The economic depression of the 1780s transformed Americans’ revolutionary sense of collective identity as class division emerged between creditors and debtors that came to be identified as a division between the rich and the poor.34×34. Americans, in their pursuit of independence developed a collective identity centered around their resistance to tyrannical taxation without representation and their struggle for republican self-government based on equality and consent of the governed. The Declaration of Independence served as the foundational document for this new collective identity. See The Declaration of Independence (U.S. 1776). Class divisions led to democratic contestation as the two sides made irreconcilable demands on state legislatures. Many debtors demanded debt relief through policies such as the issuance of paper money and deferrals on debt repayment, among others.35×35. Jackson Turner Main, Political Parties Before the Constitution 60–66 (1972) (describing the political conflict between debtors and creditors over debt relief and paper money). Most creditors opposed those policies and demanded enforcement of their loan contracts through payment in specie or the repossession of land and property from members of the debtor class.36×36. See id.

The rather democratic state legislatures were often responsive to the demands of the more populous debtor class.37×37. See Woody Holton, Unruly Americans and the Origins of the Constitution 23–24 (2007) (describing the states’ debt and tax relief measures). And when they weren’t, as in the case of the Massachusetts Legislature, members of the debtor class sometimes rebelled against the state governments.38×38. See Cornell, supra note 27, at 30–35 (describing Shays’s Rebellion). The state eventually suppressed the rebellion.39×39. Id. at 35. Nonetheless, the combination of democratic mobilization of indebted sympathizers of the rebels and state legislators’ fears of more rebellions led to the passage of debtor-protective laws in states that had initially rejected them.40×40. Klarman, supra note 32, at 99 (noting that after Shays’s Rebellion “[e]ven the states with the least populist constitutions — New York and Massachusetts — had capitulated to populist demands for tax and debt relief”).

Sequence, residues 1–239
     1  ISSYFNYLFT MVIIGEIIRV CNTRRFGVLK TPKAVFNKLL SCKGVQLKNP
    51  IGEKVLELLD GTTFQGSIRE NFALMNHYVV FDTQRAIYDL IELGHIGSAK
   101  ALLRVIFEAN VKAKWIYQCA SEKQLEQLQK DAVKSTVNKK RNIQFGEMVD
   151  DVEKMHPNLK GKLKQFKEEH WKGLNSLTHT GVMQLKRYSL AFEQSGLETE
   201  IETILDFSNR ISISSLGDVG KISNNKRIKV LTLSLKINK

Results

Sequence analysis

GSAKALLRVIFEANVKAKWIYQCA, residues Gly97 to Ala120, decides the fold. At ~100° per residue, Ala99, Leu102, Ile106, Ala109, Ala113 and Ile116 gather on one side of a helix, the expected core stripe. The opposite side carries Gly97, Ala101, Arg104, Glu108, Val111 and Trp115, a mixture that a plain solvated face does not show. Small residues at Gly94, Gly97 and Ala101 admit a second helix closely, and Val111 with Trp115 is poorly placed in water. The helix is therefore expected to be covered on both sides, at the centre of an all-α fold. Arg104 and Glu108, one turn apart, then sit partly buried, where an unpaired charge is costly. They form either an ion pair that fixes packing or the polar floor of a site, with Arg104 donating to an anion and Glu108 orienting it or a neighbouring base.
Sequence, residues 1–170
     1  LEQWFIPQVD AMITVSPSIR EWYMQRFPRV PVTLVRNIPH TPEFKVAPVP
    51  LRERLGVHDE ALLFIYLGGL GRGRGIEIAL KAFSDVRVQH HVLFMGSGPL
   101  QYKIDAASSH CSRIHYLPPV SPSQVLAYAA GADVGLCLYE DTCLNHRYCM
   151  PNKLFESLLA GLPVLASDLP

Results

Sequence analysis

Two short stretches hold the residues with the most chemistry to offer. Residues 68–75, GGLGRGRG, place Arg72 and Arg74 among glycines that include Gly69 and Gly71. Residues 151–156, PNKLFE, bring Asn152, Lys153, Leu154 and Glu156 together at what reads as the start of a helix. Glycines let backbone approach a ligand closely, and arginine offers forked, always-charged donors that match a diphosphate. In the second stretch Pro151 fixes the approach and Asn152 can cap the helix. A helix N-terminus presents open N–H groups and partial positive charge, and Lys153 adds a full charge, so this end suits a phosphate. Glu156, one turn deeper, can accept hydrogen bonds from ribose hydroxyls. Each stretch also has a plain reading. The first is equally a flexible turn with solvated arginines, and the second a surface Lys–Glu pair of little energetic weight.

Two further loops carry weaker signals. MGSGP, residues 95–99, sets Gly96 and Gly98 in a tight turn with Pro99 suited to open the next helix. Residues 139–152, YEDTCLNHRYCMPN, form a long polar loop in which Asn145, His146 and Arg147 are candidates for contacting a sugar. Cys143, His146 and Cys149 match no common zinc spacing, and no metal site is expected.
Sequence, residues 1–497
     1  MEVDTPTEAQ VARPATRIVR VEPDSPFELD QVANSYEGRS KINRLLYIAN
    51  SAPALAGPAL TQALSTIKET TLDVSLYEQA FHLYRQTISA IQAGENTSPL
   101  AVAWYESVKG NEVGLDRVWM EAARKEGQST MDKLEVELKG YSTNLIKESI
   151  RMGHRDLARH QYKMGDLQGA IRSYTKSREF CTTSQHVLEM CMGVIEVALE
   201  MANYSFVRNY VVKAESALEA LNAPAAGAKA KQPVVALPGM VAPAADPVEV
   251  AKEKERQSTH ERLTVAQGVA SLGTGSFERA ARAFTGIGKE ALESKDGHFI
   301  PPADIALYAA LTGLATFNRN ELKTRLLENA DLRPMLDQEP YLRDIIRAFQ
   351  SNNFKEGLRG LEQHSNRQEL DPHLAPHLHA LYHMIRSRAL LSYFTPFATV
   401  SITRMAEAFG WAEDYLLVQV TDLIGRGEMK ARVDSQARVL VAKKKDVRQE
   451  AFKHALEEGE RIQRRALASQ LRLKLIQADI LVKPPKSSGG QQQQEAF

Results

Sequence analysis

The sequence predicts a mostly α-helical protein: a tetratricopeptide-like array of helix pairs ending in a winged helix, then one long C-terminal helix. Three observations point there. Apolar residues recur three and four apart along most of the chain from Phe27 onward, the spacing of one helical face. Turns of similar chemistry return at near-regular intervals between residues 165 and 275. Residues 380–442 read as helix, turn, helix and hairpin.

An American class consciousness was born from the class divisions and democratic contestations of the 1780s.41×41. See Charles Beard, An Economic Interpretation of the Constitution 28 (1913) (describing the emergence among the debtor class of “a strong consciousness of identical interests in the several states”). Revolutionary-era professions of republican democracy and equality gave way to class-based recrimination between the rich and the poor.42×42. See, e.g., Letter from Henry Knox to George Washington (Oct. 23, 1786), https://founders.archives.gov/documents/Washington/04-04-02-0274 [https://perma.cc/A9NQ-C3LN] (accusing debtorsof being “determined to annihilate all debts public and private” and describing the debtors as men “possessing all the turbulent passions belonging to that animal”). As the indebted class sought means to protect their property and liberty from the repayment demands of their creditors and the tax demands of their government, the wealthy class spread an exaggerated fear of state-sponsored redistribution and advanced schemes to protect themselves from the poor and the democratic governments that enabled them.43×43. See Holton, supra note 37, at 19–23. From one of the wealthy class’s schemes emerged a new national constitution.

III. Our Anti-Republican Constitution as a Predicate to the Second Amendment